The leaves, seeds and the milk of the papaya tree are used to cure intestinal problems and kill intestinal worms and parasites. A 2007 study of 60 Nigerian children with strong evidence of intestinal parasites “showed an over 75% clearance rate of infection in just seven days. This was after the children received a 20 ml dose of crushed papaya seeds and honey as a parasite treatment” making papaya seeds just as “efficacious in treating human intestinal parasites and without significant side effects” as some prescriptions. However, my advice with the seeds is to start slow.
- Happy Hearts
Concentrated pro-vitamin A carotenoid phytonutrients in the papaya work to prevent the oxidation of cholesterol. This is powerful! Why? Because it is oxidized cholesterol that sticks to and gunks up the blood vessel walls. Paraoxonase (an enzyme) in papaya enables your body to absorb much more vitamin C and E from supplements or other foods you eat: and it is this enzyme which actively inhibits LDL cholesterol and HDL cholesterol oxidation.
- Immunity & Papaya
Further, its abundance of carotenoids (pre-vitamin A and C) are ideal pathways to boost your body’s natural immunity expression — so, if you feel run down, or are suffering from a cold, fever, or flu, add a papaya a day to your diet. These antioxidants can also reduce inflammation, fight disease and help keep you looking young, treat sports injuries, other causes of trauma, and allergies.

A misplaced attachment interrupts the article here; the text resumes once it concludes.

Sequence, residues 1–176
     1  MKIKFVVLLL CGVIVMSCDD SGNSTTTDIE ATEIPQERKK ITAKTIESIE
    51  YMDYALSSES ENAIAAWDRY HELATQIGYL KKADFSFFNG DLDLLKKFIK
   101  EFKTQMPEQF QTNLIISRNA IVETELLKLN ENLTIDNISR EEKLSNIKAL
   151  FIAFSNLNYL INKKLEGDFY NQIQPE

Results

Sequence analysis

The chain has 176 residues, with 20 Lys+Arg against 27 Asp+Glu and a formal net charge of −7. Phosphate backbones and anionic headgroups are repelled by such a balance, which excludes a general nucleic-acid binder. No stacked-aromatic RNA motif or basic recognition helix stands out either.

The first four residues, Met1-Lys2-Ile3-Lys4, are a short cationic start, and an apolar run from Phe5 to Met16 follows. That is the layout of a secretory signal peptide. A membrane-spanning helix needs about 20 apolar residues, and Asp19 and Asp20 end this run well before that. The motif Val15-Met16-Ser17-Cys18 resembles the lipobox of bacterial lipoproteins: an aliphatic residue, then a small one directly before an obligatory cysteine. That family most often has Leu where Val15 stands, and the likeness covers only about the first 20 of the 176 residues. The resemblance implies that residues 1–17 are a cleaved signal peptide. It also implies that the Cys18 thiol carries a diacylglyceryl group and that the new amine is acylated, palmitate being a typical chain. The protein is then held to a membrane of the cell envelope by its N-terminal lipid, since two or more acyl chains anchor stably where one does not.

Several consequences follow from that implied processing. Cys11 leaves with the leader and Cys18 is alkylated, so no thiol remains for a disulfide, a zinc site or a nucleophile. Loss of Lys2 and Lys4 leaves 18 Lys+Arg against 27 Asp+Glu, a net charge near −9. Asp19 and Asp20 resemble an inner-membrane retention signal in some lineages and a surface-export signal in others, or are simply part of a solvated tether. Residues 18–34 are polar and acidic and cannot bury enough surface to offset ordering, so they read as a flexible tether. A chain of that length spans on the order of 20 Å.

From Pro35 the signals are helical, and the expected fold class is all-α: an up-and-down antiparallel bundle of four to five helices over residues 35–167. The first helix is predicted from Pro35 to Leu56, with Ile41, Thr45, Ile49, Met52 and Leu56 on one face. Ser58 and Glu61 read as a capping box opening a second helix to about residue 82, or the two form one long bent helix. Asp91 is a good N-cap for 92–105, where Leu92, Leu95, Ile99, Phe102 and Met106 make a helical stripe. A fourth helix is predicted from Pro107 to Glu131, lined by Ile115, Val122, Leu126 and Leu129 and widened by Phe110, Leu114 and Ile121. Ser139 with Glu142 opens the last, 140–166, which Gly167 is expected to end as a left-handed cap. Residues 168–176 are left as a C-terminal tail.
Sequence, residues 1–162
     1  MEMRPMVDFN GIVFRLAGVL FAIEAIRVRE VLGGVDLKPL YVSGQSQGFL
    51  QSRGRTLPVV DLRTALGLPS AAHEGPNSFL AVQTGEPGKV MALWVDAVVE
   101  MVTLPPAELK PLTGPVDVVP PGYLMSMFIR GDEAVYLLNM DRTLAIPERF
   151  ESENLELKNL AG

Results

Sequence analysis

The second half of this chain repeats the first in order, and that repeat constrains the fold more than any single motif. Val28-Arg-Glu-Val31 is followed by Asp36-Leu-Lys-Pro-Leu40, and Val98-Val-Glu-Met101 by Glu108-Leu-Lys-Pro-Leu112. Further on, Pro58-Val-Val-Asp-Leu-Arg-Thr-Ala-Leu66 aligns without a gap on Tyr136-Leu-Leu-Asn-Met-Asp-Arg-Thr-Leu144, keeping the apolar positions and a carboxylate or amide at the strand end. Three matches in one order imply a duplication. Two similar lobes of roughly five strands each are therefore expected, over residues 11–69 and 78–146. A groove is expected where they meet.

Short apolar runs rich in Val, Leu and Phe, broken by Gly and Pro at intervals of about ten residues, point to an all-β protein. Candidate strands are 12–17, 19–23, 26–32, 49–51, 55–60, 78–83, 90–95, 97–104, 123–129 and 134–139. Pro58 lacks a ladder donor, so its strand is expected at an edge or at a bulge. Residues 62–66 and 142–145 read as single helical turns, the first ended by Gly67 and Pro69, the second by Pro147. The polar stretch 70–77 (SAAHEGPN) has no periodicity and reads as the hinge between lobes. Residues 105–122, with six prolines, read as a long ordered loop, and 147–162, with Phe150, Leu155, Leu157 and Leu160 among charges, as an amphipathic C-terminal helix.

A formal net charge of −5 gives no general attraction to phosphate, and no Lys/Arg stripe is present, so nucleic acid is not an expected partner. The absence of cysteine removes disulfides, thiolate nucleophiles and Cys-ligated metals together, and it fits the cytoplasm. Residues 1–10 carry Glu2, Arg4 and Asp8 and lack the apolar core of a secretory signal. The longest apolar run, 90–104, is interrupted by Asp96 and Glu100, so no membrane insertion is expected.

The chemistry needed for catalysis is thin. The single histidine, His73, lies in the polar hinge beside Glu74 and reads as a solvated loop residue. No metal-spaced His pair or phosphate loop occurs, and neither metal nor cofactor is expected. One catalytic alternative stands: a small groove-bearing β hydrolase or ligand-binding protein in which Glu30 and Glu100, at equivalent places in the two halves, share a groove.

Here’s Where YOU Can Help, Dear Reader . . . become a health detective
For two years, I’ve scoured the internet seeking sources that can back up the health and benefit claims of fruits, vegetables, and supplements (sometimes called “boost”).
In the chart below are the health claims I and others have discovered about papaya. Where you see a footnote, you’ll find a link to the source. If there is not a footnote, then that means that the specific health claim is made, but neither I or anyone I know has been able to locate sources of research or anecdote to backup the claim.
So, if you are aware of a direct source of research or anecdotes to back up the claims, please post them in the comments. I’ll check them out and if they meet our standards, I’ll make sure that they’re included in the next edition of the blog and give you a shout-out!
Reported Health Benefit Claims of Papaya:
|Anti-inflammatory||Improves digestive system|
|Antioxidant||Helps with emphysema|
|Helps with osteosclerosis||Improves heart health|
|Prevents some forms of cancer||Prevents macular degeneration|
|Improves cardiovascular health||Helps prevent rheumatoid arthritis|
|Lowers cholesterol||Promotes healthy skin|
|Improves immune system||Helps prevent stroke|
|Prevents diabetic heart disease||Prevents some forms of throat disease|
So, the next time you’re at the market, grab a papaya. It’s not just for vacations anymore!
Fischer N. Flavour components in selected Exotic Fruits. Food Australia. 1998;50:165–168.
Franco MRB, Amaya D, Rodriguez MH, Damasio and Carrillo JLI. Volatile Components and Flavour of Paw paw (Carica Papaya). A Reappraisal. Alimentose Nutrcxao. 1993:99–108.
Oke JM. Antidiabetic Potency of Pawpaw. African Journal of Biomedical Research. 1998;1:31–34.